After you photograph your painting - Image editing and processing


Image Dos - Things to do after you take your photo

Step 1 - Rectify image distortions

Unless you have Photoshop on your computer or you use open source image manipulation software like Gimp, it’s unlikely that the image manipulation software that came with your camera or pre-installed on your computer will be able to correct distorted images - those where the sides of your painting aren’t straight and parallel.

Instead, use something like https://pixlr.com/editor/, a free online service that provides extensive image editing functionality.

This image is an example of adjusting an image that wasn't taken square on, that also included a frame.  The straighter the sides are (i.e. not bowed) the easier the adjustment process is.

Step 2 - Remove unwanted background

This step entails cropping the image so that it includes only the painting itself. There’s no need to crop exactly to the edges of your painting - cropping a small portion of the image at the same time can help get rid of any residual distortion.

Your pre-installed photo editing software might well allow you to do this, but it’s probably simpler to use something like https://pixlr.com/editor/, a free online editing tool.

Step 3 - Adjust the image resolution

The goal here is to end up with an image that’s small enough to load quickly when viewed on a mobile phone or other portable device, yet large enough for a potential purchaser or art show organiser to view detail.

Modern cameras and mobile phones take photographs that are far too large to use on the Internet. It’s likely that you’ll need to resize the image before you put it on Gallery 247.

Image size is measured in pixels. A size less than 800 pixels on its smallest side is likely to be too small to convey a proper sense of your work, and a size greater than 3000 pixels on its largest side is unnecessarily large.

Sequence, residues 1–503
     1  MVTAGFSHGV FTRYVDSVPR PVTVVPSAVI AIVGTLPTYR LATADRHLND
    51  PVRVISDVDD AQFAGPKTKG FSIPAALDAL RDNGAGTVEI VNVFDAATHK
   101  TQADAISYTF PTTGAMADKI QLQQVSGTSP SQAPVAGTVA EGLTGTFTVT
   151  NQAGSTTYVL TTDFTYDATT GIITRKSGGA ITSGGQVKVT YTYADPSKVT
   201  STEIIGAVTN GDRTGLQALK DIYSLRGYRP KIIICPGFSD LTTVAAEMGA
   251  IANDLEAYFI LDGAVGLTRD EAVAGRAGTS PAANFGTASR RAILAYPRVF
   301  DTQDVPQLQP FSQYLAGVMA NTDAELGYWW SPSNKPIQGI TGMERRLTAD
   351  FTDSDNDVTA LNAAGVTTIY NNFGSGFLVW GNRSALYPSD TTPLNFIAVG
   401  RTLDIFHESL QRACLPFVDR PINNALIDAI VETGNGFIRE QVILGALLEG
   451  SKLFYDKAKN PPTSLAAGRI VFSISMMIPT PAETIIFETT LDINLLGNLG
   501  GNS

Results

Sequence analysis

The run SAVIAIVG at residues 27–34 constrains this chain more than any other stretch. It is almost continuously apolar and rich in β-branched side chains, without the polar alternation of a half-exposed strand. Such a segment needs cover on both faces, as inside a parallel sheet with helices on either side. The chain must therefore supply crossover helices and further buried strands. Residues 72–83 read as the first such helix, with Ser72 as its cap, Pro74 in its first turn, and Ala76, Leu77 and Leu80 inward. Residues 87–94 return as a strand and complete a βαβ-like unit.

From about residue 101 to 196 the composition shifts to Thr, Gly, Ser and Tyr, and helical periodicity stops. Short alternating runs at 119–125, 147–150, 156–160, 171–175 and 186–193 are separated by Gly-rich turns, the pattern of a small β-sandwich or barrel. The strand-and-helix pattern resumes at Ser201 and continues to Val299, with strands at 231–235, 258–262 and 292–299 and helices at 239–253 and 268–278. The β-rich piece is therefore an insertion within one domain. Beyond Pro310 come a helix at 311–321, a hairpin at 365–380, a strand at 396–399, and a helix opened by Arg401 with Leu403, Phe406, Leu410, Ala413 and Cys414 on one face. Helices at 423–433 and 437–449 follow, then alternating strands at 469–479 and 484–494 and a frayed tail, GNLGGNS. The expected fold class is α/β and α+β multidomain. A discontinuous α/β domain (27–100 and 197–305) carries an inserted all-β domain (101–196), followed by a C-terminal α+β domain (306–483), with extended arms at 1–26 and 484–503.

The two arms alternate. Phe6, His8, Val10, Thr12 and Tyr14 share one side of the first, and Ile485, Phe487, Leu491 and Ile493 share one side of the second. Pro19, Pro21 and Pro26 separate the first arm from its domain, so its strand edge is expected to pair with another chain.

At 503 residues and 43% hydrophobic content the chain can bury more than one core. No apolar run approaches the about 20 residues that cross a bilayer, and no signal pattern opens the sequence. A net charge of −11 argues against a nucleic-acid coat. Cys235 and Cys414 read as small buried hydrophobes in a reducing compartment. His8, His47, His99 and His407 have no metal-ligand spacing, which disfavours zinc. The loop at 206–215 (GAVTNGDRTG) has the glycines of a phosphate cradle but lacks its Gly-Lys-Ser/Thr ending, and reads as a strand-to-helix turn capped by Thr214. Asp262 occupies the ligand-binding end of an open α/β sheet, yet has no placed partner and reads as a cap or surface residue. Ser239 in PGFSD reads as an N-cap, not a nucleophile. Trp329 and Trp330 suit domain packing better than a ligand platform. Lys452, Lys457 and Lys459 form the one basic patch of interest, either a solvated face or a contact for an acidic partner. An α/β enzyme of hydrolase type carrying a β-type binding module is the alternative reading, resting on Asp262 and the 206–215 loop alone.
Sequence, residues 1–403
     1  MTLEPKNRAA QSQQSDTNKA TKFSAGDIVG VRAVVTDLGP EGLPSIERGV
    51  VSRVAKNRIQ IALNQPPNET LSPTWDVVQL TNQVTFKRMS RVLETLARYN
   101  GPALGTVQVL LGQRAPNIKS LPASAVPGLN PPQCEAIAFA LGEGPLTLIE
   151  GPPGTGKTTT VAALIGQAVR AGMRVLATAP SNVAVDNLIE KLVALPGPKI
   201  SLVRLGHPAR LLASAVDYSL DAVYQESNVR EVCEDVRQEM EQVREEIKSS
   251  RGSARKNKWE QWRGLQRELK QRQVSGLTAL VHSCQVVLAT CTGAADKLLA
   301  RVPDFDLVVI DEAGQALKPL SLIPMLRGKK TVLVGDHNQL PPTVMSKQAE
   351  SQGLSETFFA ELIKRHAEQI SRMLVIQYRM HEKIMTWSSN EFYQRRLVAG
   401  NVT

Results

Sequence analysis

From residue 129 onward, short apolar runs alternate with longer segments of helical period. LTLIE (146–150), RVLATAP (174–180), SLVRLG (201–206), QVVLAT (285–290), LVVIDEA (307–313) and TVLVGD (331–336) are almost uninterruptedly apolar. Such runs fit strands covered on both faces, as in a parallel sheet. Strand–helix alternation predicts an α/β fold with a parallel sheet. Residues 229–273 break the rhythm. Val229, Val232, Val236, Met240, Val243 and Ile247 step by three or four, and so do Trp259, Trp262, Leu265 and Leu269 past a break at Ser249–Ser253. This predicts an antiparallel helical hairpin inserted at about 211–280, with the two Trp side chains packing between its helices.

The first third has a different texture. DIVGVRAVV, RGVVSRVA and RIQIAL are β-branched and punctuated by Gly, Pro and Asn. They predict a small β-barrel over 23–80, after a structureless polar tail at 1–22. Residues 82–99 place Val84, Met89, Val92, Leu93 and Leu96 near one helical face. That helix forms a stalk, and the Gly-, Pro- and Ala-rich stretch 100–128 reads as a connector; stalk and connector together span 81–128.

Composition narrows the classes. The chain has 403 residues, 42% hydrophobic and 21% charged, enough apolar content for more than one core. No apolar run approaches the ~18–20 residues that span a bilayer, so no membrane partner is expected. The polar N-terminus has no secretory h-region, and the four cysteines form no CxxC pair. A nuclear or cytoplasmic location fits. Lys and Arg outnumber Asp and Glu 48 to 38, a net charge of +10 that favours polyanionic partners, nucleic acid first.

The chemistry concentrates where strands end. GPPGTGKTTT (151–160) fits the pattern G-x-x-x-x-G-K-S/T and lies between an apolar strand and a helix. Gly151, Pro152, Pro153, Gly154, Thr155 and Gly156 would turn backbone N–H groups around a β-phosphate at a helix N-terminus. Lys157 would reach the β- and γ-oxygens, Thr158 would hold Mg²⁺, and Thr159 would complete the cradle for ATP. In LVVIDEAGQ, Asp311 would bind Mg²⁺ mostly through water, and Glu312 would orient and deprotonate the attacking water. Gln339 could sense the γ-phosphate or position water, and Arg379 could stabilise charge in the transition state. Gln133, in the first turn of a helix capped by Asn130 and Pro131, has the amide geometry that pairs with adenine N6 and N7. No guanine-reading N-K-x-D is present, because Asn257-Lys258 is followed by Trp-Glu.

An ideal size is from 2000 - 2500 pixels on the image’s longest side.

Always perform other corrections, especially cropping, before you re-size. If you re-size then crop, you might well end up with an image that’s too small.

Some pre-installed photo editing software will allow you to do this, but it’s likely to be easier to use something like https://pixlr.com/editor/ to resize the image while you’re doing other editing.

Step 4 - Adjust the image quality

Most cameras and phones save their images at high quality. If you’ve taken the photo at maximum quality, the file size will be unnecessarily large.

The perfect quality setting is High or 80%. If you’re using https://pixlr.com/editor/, you can select this quality setting before you save the image back to your computer.

Step 5 - Save your edited image

When you save the edited image, it’s advisable to save it using a different name than the original, just in case you need the original for other reasons.

A simple technique is to add “G247" to the beginning of the file name, so that you can instantly see which ones have been modified.

If you’re using https://pixlr.com/editor/, insecure and unwanted metadata will be automatically removed when you save the picture. There is more information on image security and privacy here.

Step 6 - Check the image file size

A file that’s too large will result in slow download times. Factors that lead to overly large files are:

  • Too high a resolution. Keep to 2000 - 3000 pixels maximum on the image’s longest side.
  • Too high a quality. 80% is perfect.
  • Metadata content.